Manila cancels Canada Bell helicopter deal

Philippine President Rodrigo Duterte gestures as he speaks during a press conference in Davao City on Thursday. (AFP)
Updated 10 February 2018
0

Manila cancels Canada Bell helicopter deal

DAVAO: Philippine President Rodrigo Duterte on Friday abruptly canceled a $235 million contract to buy 16 helicopters from Canada after Prime Minister Justin Trudeau’s government ordered a review over human rights concerns.
“I want to tell the armed forces to cut the deal. Do not proceed anymore, and somehow we will look for another supplier,” he said of the deal for 16 Bell 412EPI utility helicopters announced by the two governments this week.
Ottawa said Thursday that the deal was under review due to concerns over the human rights record of Duterte, the subject of a complaint in the International Criminal Court (ICC) over the alleged extra-judicial killings of thousands of Filipino drug suspects.
Bell Helicopter said in an announcement of the deal that the aircraft were intended “for a variety of missions such as disaster relief, search and rescue, passenger transport and utility transport.”
However, Manila said they would also be used for “anti-terrorism” operations, including to evacuate soldiers wounded fighting insurgents.
Philippine troops are battling militants in the Muslim south and communist guerrillas in other parts of the mainly Catholic Asian nation.
Duterte said Friday he respected Canada’s stand but added it was unavoidable that the Philippine air force would use the choppers “against the rebels and terrorists.”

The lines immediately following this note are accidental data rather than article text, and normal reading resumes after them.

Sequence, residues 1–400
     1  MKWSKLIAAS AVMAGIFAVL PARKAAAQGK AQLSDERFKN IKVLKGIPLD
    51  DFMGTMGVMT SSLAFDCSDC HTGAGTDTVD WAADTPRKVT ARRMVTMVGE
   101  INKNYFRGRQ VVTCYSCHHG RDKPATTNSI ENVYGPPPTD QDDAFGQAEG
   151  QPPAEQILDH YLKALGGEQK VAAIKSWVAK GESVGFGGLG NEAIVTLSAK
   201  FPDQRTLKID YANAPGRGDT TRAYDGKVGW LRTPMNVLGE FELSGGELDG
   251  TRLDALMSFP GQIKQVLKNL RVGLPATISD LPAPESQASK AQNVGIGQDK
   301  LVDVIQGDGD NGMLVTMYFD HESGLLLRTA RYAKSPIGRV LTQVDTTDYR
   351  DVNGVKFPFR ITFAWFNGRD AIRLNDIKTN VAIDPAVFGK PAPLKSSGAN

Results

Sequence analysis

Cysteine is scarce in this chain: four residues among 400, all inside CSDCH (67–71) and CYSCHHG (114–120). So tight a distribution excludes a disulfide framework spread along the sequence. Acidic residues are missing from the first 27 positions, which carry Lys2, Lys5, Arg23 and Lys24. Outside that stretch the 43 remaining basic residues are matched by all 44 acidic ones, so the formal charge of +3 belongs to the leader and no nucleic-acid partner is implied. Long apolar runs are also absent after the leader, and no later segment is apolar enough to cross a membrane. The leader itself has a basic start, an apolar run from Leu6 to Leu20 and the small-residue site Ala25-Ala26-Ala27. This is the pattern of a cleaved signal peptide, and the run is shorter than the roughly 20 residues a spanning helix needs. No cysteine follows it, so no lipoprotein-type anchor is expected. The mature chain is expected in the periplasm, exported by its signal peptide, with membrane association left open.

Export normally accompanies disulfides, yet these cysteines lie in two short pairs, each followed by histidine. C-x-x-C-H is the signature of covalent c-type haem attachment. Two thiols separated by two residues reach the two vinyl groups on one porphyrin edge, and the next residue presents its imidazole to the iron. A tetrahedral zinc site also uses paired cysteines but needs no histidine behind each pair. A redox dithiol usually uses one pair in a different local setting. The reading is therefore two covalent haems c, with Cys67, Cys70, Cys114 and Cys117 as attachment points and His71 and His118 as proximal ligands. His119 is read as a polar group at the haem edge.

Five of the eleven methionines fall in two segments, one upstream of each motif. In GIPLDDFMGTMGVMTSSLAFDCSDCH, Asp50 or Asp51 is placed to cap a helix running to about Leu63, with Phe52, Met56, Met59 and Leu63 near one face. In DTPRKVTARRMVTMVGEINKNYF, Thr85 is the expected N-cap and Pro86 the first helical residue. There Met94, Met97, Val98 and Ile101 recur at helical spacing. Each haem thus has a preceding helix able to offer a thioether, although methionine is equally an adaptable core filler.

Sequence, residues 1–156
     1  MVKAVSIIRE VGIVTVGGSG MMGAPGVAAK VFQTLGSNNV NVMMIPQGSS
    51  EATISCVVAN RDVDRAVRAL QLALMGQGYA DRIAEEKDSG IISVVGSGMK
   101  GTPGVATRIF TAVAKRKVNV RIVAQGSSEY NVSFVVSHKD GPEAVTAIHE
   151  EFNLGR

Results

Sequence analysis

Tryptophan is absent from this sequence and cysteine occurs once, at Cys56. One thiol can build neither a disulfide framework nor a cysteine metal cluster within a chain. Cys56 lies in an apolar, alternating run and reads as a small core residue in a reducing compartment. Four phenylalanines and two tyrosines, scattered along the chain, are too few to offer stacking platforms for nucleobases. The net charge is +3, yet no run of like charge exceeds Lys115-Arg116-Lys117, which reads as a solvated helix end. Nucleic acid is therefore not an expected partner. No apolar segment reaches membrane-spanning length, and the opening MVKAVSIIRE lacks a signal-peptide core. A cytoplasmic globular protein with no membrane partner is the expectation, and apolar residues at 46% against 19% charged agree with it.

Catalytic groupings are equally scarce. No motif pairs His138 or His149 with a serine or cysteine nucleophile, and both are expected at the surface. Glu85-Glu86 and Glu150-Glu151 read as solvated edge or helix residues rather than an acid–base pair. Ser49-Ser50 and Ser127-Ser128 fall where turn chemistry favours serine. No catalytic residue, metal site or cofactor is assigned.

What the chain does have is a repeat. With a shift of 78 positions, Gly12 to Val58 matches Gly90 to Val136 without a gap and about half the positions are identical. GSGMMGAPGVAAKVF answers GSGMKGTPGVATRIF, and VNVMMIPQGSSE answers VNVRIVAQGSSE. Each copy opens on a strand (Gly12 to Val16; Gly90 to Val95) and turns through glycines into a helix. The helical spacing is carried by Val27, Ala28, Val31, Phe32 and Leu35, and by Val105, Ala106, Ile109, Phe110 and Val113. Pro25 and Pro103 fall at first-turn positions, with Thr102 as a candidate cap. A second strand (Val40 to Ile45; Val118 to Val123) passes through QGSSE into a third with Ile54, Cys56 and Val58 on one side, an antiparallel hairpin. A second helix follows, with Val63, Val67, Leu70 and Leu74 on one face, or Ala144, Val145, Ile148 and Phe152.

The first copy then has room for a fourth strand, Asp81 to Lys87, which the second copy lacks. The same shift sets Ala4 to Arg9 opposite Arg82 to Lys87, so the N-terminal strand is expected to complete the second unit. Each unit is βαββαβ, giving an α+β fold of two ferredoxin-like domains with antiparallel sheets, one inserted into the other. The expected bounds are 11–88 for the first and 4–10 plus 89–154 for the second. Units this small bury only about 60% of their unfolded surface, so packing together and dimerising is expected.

“Do not buy anymore from Canada and the US because there is always a condition attached,” he said, adding that he was referring to defense material.
“If I cannot use the gunship, the helicopter, then I might as well surrender this government to them,” he said, referring to the rebels.
“The reason I’m buying helicopters is because I want to finish them off,” Duterte added.
Canadian Foreign Minister Chrystia Freeland said Thursday that an “extremely rigorous human rights review” would be undertaken before any export permit was issued over the helicopter contract, facilitated by the Canadian Commercial Corp.
“The prime minister and I have been very clear about the Duterte regime’s human rights abuses and the extra-judicial killings,” she told Parliament.
“I have the authority to deny a permit if I feel that it poses a risk to human rights, and I am prepared to do so,” Freeland added.
Trudeau said in November he had called out Duterte over “human rights, the rule of law, and specifically extra-judicial killings.”
Duterte, who has overseen a crackdown that has left nearly 4,000 drug suspects dead at the hands of the police, later described Trudeau’s comments as “a personal and official insult.”
The Philippine government says police have only shot suspects in self-defense and rejects human rights monitors’ description of the crackdown as a crime against humanity.


Afghan Taliban considering Eid holiday ceasefire